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40 Under 40 winner of the day: Peter Piliouras

People

Loyalty is paying dividends for Peter Piliouras. The 34-year-old has worked for Peregrine Corporation his entire professional career, joining the South Australian firm as company legal officer in 2006.

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After serving as corporate services manager and assistant general manager, Piliouras in now chief operating officer of Peregrine’s flagship On The Run.

As Chief Operating Officer, Piliouras is second-in-command to the Executive Chairman Yasser Shahin and leads a team of more than 3000 staff in SA. He was named a winner of the inaugural InDaily 40 Under 40 Awards in June.

Peregrine is among the top 20 privately-owned companies in Australia and has 143 service stations/convenience stores, 51 Subway outlets, 12 Hungry Jacks restaurants, 12 Oporto restaurants, 9 Wok In A Box restaurants, 19 Brumby’s Bakeries, six Krispy Kreme stores and a Guzman y Gomez taqueria under the On The Run banner.

A graduate of Harvard Business School’s High Potentials Leadership Program in 2015, Piliouras also has degrees in Law and Commerce from the University of Adelaide.

We asked the former Pulteney Grammar Dux of School some more about doing business in South Australia.

What do you believe are the strengths of doing business in South Australia?

SA is a close-knit community: everyone wears their reputation on their sleeve. This makes it is a perfect environment to establish and foster mutually beneficial commercial relationships, which benefit South Australian businesses and keeps money in our local economy.

I truly believe that SA is the best place to raise a family in Australia meaning you can have your cake and eat it too – you can focus on your career and make quality time for family. This is an advantage  that ultimately leads to happier and more productive employees and businesses.

Housing is affordable relative to interstate cities meaning young professionals in particular have the option of living closer to work. This, together with less traffic, means less transit time. Less transit time means more time for work, family and self.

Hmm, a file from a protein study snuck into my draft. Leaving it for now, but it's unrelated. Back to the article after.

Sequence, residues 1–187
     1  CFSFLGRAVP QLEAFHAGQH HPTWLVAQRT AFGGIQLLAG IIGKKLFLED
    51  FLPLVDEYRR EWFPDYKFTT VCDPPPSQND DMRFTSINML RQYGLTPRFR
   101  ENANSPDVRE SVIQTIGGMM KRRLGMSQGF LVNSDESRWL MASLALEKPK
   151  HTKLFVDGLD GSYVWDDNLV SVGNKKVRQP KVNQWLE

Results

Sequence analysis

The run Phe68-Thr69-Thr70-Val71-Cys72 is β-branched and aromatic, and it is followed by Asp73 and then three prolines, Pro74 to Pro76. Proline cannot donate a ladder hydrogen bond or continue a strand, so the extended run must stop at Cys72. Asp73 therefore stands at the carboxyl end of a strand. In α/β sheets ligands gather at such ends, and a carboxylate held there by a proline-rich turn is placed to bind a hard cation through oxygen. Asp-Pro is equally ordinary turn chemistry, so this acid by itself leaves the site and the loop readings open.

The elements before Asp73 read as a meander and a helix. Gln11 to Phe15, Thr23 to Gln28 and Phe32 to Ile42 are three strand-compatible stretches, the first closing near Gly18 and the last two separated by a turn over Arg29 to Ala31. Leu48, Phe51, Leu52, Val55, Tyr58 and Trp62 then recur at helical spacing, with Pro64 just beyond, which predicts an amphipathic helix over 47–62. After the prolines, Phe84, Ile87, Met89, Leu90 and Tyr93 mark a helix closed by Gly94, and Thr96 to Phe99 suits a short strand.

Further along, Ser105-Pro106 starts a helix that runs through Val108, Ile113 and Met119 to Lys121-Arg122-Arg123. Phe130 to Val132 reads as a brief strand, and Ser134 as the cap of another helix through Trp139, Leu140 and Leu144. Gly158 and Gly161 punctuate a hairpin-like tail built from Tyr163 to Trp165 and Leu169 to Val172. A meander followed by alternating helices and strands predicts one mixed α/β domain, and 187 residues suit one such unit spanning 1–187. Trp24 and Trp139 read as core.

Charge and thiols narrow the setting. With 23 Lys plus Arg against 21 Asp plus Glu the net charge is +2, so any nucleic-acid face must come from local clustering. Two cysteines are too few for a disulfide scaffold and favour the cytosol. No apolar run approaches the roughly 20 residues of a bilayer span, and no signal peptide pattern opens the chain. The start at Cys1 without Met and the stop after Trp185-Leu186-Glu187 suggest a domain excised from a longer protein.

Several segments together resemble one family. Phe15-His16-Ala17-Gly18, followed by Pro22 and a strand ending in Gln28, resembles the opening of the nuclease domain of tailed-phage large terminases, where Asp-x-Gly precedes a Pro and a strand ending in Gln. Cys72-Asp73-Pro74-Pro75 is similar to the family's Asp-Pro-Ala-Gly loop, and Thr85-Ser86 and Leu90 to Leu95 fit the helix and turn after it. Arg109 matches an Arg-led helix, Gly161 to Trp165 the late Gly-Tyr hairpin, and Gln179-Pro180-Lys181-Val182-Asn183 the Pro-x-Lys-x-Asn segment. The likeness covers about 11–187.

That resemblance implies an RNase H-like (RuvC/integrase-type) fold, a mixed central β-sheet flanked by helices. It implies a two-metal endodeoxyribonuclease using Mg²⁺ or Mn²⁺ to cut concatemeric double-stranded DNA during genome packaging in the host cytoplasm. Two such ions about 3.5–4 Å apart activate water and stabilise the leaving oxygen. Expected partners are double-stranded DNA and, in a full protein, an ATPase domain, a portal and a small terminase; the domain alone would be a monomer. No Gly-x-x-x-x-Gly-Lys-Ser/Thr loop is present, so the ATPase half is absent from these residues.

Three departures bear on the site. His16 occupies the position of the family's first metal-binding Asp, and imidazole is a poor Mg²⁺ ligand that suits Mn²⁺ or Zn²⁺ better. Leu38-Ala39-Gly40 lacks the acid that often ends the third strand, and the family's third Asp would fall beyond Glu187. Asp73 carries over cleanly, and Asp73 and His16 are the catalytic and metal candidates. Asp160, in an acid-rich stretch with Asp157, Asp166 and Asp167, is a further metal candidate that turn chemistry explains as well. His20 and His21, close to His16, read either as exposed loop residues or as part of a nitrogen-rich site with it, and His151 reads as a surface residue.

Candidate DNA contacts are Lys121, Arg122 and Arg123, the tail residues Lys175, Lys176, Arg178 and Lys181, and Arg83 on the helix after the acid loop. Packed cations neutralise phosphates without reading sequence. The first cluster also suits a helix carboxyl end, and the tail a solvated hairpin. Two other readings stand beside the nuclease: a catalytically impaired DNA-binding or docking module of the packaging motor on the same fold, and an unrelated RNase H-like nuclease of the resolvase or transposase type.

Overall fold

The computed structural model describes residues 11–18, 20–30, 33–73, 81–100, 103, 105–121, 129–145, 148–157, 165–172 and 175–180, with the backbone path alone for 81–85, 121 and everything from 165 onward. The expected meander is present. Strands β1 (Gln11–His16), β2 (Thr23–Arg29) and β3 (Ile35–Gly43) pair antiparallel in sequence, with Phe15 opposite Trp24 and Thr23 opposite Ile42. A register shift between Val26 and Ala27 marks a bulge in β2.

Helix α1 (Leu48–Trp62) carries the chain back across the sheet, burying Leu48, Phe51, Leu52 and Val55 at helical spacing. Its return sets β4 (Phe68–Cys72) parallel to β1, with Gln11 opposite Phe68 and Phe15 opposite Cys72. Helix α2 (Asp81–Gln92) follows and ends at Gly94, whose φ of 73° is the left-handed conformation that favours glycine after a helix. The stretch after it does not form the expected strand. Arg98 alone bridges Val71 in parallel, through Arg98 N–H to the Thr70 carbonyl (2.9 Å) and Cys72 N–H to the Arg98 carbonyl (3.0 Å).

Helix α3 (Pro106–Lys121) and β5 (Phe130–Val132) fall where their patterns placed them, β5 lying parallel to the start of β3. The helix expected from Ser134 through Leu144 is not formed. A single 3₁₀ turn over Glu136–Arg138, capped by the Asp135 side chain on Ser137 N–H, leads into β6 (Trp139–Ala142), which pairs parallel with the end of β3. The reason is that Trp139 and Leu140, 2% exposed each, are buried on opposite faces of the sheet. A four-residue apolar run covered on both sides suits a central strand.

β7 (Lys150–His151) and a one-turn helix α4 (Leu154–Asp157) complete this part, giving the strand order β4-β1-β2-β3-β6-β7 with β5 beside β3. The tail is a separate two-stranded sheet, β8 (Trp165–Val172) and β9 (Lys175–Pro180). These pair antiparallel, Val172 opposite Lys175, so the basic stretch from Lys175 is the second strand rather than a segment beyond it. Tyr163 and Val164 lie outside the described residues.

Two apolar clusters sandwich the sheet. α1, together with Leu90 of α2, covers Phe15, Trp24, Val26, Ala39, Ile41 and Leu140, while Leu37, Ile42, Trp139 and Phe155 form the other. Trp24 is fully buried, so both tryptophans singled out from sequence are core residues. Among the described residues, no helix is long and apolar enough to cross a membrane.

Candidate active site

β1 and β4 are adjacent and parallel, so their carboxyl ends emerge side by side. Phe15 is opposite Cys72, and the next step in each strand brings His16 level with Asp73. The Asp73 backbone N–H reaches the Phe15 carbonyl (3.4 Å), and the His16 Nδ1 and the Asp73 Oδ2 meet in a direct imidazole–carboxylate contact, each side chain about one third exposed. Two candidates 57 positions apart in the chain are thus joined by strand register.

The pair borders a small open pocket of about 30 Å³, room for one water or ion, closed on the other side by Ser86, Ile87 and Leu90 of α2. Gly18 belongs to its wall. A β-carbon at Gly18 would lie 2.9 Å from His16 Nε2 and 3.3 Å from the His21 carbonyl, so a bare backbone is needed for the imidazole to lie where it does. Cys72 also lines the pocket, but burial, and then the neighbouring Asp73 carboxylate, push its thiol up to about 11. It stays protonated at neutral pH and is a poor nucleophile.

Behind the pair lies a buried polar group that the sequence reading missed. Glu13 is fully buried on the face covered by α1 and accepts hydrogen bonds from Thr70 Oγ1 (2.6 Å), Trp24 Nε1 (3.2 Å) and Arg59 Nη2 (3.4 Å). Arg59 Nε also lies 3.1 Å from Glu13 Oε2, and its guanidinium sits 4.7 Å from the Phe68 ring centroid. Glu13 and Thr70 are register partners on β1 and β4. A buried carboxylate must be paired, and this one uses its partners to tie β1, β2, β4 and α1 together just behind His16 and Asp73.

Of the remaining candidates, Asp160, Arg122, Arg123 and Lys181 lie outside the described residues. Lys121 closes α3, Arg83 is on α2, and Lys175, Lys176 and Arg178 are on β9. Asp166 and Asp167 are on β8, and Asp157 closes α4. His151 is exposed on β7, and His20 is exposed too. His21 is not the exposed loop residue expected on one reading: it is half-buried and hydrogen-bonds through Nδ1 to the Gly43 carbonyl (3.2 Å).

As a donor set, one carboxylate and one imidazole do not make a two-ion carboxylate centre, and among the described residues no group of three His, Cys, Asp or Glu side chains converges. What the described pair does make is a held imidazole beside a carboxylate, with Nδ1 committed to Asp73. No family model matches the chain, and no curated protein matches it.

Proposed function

Less transit time and geographic accessibility means more options – not just for parents choosing a school, but for consumers looking for goods or services. People will travel to businesses which distinguish themselves from others through quality/innovation.  It is easier to stand out in SA than in Sydney or Melbourne.

Finally, SA has significant untapped potential. This means there will be plenty of growth opportunities for patient businesses who are willing to make their investment now.

What do you believe are the weak points of conducting business in South Australia?

A common observation is that SA is particularly conservative in the area of planning and development. Planning laws and their application needs balance, timeliness and consistency otherwise sensible investment is restricted and potentially discouraged.

SA has an aging working population – as reported on in various economic and demographic studies – which presents a future risk for our economy that is not being sufficiently addressed. In particular, there is a lack of significant investment in youth training places to encourage young workers to stay in Adelaide instead of fleeing interstate.

From a talent pool perspective it is difficult to find people willing to relocate from bigger cities to SA unless they have pre-existing roots in Adelaide. This is linked in part to a perception issue that SA still has despite its many changes in the last couple decades in particular.

Most head offices are interstate. Dealings with national companies means too regularly talking to someone interstate who does not know anything about your business.

Do you see your future in South Australia?

Certainly. SA has enormous potential which will lead to more opportunities in the future. It is the best place to raise a family and focus on career at the same time.

How can the state encourage more of its young leaders to stay?

Sponsorship of further education and development for young leaders either directly, or via incentives to employers.  A great example of this is the incredible work done by the Industry Leaders Fund.

Universities could proactively  engage with businesses to link degrees to graduate/internship programs which could lead to permanent positions and encourage interstate students to apply to SA universities.

Fix the VET sector so that employers are encouraged to put on trainees and apprentices. There is too much emphasis on promoting ‘higher’ education when we are facing a skills shortage in many areas.

Government as a large employer in SA has a role to play in ensuring there are positions in government which attract upcoming leaders.

More about 40 Under 40

An assessment panel representing the South Australian business community judged hundreds of nominees for the inaugural 40 Under 40 awards, which aim to identify and promote a new generation of local leaders under the age of 40.

The final 40 includes a hugely varied collection of South Australian talents, who are making a mark in fields such as health, technology, the media, property, social innovation, agriculture, finance, the law, and much more.

For the full list of 40 Under 40 winners go here.

40 Under 40 is an InDaily initiative supported by the following partners:

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